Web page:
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Telstra, Optus and TPG slogged with $33.5M penalty for misleading plan speed statements

Telstra, Optus and TPG slogged with $33.5M penalty for misleading plan speed statements

Following legal action brought on by the ACCC in August 2021.

Credit: ID 143558745 © Khwaneigq | Dreamstime.com

Telstra, Optus and TPG have been slogged with a collective $33.5 million in penalties for making false or misleading claims about National Broadband Network (NBN) plan speeds.

Telstra was ordered to pay $15 million; Optus was hit with a penalty of $13.5 million and TPG had to shell out $5 million for breaching Australian Consumer Law (ACL) by making false or misleading statements in relation to 50Mbps or 100Mbps fibre-to-the-node (FTTN) plans.

Brought on by the Australian Competition and Consumer Commission (ACCC) in August 2021, the consumer watchdog said today the false or misleading claims affected nearly 120,000 consumers and were made for at least 12 months in 2019 and/or 2020.

“These significant penalties reflect the seriousness of the breaches of consumer laws by these large and sophisticated businesses that should be better informed about their obligations towards their customers, particularly given the promises they made to their customers and in undertakings previously provided to the ACCC regarding speed claims for their NBN plans in 2017,” ACCC commissioner Liza Carver said.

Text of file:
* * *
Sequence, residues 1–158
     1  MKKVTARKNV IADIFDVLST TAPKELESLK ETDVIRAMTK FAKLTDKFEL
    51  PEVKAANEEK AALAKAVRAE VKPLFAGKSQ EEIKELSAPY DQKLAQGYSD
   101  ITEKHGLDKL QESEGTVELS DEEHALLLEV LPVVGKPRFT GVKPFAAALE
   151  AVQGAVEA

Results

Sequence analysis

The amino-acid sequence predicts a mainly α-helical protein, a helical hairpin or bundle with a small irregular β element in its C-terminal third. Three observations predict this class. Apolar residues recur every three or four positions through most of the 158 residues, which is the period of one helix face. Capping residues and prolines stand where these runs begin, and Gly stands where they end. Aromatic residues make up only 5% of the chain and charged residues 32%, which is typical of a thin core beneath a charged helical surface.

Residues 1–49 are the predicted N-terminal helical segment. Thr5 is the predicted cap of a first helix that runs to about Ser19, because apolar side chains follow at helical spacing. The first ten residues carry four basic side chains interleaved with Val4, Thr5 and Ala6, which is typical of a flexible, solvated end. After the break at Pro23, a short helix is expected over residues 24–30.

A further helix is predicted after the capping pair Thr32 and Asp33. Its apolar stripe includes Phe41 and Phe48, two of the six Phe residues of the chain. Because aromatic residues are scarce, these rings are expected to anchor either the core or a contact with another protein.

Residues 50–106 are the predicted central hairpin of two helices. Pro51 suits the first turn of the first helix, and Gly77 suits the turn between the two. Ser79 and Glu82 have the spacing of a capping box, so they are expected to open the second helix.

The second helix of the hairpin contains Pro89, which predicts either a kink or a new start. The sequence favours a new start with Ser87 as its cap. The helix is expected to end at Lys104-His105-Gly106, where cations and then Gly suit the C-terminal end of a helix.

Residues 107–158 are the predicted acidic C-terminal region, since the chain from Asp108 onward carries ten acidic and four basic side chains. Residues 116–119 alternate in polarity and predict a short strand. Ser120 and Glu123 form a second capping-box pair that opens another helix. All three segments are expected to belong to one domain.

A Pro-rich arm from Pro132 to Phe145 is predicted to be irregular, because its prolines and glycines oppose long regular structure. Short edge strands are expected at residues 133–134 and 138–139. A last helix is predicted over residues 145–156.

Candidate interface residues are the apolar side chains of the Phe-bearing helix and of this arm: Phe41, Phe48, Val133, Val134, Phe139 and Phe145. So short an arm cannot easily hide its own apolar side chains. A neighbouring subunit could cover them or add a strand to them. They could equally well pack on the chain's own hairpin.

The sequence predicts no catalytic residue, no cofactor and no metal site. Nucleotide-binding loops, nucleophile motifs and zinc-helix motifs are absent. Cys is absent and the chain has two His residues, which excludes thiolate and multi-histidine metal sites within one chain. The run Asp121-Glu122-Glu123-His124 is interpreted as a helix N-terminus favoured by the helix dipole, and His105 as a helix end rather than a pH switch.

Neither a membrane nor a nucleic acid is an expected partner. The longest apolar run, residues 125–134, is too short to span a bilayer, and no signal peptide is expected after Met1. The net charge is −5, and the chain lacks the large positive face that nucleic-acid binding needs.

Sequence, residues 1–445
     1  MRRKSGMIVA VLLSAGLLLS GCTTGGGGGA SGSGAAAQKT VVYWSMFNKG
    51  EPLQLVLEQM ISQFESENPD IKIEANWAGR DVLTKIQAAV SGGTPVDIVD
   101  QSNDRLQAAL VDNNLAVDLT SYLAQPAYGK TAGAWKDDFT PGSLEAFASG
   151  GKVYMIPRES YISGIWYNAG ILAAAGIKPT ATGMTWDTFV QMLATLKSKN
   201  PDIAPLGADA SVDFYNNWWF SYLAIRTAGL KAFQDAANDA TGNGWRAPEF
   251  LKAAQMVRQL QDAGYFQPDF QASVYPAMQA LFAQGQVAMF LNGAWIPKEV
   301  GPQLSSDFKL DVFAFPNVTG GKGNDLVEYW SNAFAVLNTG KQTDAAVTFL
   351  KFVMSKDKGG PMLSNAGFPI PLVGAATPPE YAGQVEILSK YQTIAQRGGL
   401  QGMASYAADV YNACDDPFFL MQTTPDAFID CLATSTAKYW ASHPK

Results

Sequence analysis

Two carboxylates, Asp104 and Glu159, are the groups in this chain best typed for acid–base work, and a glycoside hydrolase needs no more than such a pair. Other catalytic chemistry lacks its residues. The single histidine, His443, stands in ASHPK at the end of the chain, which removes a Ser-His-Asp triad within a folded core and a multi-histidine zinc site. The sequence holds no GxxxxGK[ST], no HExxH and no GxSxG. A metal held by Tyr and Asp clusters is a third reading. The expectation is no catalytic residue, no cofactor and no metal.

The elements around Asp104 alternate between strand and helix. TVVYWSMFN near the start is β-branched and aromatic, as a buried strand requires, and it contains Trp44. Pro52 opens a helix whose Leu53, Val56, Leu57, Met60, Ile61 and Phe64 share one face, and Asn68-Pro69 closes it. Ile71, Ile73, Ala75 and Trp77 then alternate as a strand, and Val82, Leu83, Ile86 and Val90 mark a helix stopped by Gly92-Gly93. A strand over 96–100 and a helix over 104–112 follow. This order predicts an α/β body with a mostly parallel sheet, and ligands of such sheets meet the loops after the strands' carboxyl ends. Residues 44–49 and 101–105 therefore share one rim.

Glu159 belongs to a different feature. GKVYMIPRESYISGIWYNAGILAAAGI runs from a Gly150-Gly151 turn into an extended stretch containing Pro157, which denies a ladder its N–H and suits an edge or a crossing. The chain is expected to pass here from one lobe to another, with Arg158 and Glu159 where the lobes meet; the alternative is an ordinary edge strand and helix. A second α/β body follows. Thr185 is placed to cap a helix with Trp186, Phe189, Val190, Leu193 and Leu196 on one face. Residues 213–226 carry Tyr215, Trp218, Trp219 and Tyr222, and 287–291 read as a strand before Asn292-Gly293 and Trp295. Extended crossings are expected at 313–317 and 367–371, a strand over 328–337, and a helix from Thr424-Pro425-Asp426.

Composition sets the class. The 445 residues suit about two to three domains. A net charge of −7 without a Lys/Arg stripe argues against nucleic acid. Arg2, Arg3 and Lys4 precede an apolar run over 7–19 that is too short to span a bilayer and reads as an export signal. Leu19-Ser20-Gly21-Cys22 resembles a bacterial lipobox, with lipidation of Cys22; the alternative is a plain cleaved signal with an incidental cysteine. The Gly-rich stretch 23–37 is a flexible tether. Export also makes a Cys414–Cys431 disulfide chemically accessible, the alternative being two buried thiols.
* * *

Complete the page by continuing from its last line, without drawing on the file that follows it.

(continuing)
The three telcos admitted that they had made the statements, as well as failing to notify consumers whose maximum attainable speeds were lower than the speed of their purchased plan and therefore had falsely represented to those consumers that their NBN connections were capable of attaining the higher speeds.

“Some customers may have paid for a 50 or 100Mbps plan believing their NBN connection could support the higher download speeds, even though they would have been better off paying for a lower speed plan,” Carver said.

“It is illegal for businesses to make false or misleading representations to consumers about the performance characteristics, nature, standard or quality of products and services.”

The three telcos have implemented their own remediation programs and have already contacted affected customers to provide refunds. Additionally, the Court ordered that Optus in particular recontact those that have not responded or have been credited to offer compensation within 120 days.

Optus was also ordered to update its ACL compliance program, while TPG was told it had to implement one.

Telstra has an ACL program in place after the ACCC took action against it in a separate case on unconscionable sales to Indigenous customers in November 2020. Six months later in May 2021, it was fined $50 million.

Additionally, the three telcos were ordered to pay part of the ACCC’s costs.


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